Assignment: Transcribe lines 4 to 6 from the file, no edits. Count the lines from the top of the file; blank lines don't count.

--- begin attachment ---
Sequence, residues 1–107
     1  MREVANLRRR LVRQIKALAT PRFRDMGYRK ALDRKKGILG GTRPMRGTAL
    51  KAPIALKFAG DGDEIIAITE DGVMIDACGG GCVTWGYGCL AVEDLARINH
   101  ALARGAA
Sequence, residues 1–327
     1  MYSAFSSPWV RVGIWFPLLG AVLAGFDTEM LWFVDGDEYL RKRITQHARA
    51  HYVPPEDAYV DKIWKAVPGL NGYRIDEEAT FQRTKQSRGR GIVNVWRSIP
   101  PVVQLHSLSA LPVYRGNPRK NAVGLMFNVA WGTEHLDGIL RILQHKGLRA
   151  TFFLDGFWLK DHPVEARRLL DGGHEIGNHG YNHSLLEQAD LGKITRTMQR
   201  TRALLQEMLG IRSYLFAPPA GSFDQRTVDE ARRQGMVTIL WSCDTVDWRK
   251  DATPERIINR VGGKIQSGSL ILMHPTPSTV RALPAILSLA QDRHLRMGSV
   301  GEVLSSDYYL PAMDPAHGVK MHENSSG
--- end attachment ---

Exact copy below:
   101  ALARGAA
Sequence, residues 1–327
     1  MYSAFSSPWV RVGIWFPLLG AVLAGFDTEM LWFVDGDEYL RKRITQHARA